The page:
export PATH=/usr/local/mysql/bin/:$PATH
export DYLD_LIBRARY_PATH=/usr/local/mysql/lib/

step2. assuming we have already a python virtualenv script in place. Create a new virtual environment and activate it:

python virtualenv.py django-mysql
. django-mysql/bin/activate

step3. now we're ready to install django and mysql-python. the latter should compile with few minor warnings if and only if we have correctly executed step1 (just double check that paths in the export statements are correct)

pip install django
pip install mysql-python
>>> import MySQLdb
>>> print MySQLdb

if everything works fine, then the last command above should show the full path of the mysql module compiled during the installation process

step4. create a django project and configure the settings.py so as to use the MySQL server shipped with MAMP

    'default': {
        'ENGINE': 'django.db.backends.mysql', # Add 'postgresql_psycopg2', 'mysql', 'sqlite3' or 'oracle'.
        'NAME': 'django_test', # Or path to database file if using sqlite3.
        'USER': 'root', # Not used with sqlite3.
        'PASSWORD': 'root', # Not used with sqlite3.
        'HOST': '/Applications/MAMP/tmp/mysql/mysql.sock', # Set to empty string for localhost. Not used with sqlite3.
        'PORT': '', # Set to empty string for default. Not used with sqlite3.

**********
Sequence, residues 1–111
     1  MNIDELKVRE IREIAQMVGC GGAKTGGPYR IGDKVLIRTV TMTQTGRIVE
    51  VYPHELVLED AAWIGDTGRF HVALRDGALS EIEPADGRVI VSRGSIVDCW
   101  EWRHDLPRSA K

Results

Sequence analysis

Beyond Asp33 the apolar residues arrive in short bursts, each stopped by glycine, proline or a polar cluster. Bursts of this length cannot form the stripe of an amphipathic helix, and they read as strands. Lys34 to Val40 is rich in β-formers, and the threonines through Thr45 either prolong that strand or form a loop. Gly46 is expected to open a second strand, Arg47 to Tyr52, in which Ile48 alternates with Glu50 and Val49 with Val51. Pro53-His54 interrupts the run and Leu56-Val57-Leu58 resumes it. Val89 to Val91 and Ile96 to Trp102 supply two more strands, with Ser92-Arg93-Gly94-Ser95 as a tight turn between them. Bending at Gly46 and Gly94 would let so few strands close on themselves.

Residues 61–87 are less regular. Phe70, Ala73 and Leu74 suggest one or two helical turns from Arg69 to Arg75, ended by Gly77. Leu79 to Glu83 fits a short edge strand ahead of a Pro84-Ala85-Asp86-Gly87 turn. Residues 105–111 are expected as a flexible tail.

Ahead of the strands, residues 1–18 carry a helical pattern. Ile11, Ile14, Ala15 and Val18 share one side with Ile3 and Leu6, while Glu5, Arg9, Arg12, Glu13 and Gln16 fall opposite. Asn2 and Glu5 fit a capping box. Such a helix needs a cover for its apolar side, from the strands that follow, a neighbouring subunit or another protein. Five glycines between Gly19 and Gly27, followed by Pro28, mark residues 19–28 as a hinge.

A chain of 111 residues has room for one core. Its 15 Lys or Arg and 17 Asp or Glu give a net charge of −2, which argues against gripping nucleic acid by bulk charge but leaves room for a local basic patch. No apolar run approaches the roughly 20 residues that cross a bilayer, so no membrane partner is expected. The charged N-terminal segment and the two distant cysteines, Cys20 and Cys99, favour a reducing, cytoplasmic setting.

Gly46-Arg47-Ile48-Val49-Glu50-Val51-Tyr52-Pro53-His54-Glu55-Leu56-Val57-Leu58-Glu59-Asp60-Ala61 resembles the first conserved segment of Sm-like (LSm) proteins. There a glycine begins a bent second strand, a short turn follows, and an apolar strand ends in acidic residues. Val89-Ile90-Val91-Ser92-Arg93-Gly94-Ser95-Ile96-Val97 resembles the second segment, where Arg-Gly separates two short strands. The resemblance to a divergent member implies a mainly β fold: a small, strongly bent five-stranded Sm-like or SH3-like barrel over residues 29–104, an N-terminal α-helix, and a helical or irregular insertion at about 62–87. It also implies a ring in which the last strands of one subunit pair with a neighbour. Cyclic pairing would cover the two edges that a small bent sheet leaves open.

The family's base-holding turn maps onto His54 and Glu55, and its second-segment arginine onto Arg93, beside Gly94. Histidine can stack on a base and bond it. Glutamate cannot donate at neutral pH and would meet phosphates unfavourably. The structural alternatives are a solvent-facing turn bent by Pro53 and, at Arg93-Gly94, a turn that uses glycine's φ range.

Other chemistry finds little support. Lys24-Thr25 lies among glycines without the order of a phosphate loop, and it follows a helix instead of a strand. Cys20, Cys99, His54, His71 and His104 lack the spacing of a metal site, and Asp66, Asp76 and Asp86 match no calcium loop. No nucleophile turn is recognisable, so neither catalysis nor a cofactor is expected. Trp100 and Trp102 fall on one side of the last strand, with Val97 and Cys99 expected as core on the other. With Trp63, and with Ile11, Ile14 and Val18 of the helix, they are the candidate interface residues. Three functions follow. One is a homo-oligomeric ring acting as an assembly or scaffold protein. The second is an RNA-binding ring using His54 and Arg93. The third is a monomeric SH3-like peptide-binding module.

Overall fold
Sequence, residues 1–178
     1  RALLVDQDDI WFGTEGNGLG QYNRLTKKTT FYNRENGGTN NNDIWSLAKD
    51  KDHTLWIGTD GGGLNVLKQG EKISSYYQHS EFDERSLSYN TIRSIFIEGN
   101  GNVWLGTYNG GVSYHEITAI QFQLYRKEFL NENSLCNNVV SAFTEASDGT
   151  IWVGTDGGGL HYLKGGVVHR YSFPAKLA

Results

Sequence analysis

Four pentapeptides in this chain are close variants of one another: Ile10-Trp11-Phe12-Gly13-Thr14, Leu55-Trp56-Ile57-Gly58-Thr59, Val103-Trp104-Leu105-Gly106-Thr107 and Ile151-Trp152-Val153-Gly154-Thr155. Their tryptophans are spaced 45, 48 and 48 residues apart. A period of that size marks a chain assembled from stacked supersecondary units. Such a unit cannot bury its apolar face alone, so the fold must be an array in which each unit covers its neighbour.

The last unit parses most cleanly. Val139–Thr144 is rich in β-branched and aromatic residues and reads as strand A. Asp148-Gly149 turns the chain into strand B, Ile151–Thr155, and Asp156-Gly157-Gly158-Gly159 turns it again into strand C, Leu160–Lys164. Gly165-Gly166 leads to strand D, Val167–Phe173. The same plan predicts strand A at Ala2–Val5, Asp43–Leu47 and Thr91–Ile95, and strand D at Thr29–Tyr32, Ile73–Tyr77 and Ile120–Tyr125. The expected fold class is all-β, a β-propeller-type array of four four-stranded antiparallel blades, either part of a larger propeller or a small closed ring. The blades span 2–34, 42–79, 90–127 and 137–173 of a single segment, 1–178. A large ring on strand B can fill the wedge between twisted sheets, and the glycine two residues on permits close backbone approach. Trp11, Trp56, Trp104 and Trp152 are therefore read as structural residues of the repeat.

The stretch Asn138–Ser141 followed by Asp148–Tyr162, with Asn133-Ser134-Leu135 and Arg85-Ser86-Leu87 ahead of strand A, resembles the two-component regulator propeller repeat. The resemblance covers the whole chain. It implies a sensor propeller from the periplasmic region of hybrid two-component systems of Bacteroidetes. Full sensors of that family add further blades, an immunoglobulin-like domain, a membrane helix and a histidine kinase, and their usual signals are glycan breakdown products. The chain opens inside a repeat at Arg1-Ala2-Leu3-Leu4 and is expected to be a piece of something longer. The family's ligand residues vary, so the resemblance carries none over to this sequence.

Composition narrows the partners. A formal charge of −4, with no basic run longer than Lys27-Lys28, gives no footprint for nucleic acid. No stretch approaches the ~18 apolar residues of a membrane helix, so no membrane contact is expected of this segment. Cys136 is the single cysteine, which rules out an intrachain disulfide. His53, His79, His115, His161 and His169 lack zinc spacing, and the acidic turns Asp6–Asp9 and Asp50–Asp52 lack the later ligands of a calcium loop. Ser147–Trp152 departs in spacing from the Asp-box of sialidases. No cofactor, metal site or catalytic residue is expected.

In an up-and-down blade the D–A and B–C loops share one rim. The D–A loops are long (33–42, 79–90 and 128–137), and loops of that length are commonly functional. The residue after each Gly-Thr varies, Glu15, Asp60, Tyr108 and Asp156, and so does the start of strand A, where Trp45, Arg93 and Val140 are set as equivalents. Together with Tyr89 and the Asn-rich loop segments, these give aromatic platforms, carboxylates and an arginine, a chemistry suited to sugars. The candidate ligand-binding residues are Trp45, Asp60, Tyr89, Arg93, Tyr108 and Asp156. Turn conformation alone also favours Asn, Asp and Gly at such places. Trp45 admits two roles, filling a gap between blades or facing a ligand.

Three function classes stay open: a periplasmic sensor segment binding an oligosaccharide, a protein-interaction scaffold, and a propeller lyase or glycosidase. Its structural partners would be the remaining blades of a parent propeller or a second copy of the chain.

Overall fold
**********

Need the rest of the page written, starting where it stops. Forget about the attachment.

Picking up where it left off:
take EXTRA CARE to double check that the host variable is set to MAMP's socket, hence /Applications/MAMP/tmp/mysql/mysql.sock

step5. in my case, it's really not happening frequently, I also had problems with my locale, as some of the programs I installed messed around with the environment, so I got the error "unknown locale: UTF-8" as soon as I tried to sync the django db. this is solved exporting the correct variables, THEN syncing the db

export LC_ALL=en_us.UTF8
export LC_CTYPE=en_us.UTF8
export LANG=en_us.UTF8
python manage.py syncdb

and this should be all! Just a final note: this post was assembled trying things and using different sources to solve each and every problem appeared along the road, these are the original URLs I had to collate to eventually see my working copy of django: dedicated mysql dynamic library mamp socket  unknown locale

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jquery+php regex checker and reverse geo-coding service

It happened a million times: I had to check a regex in PHP and did not have a handy tool to see the result. I usually linger on Rubular, which is a great service but based on Ruby, and sometimes the results are a bit different [update 2015 - just use regex101, best tool around]. I decided to implement a simple regex checker similar to Rubular, but based on php preg_match.

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Visualizing Cluster of Tweets in London during the Royal Wedding

So the little storm has arrived! I am now the proud (and tired) father of little Benjamin, and for this reason blocked at home with little or no time for doing anything but changing nappies and cooking super-proteic food for Val. But somehow I found some time amuse myself with a little piece of Processing and wrote a simple code to visualize tweets on a map of London during the Royal Wedding. Easy enough to foresee, tweets during the day are creating nice clusters around Buckingham Palace, Westminster Abbey and the super posh hotel where the Middleton's used to stay.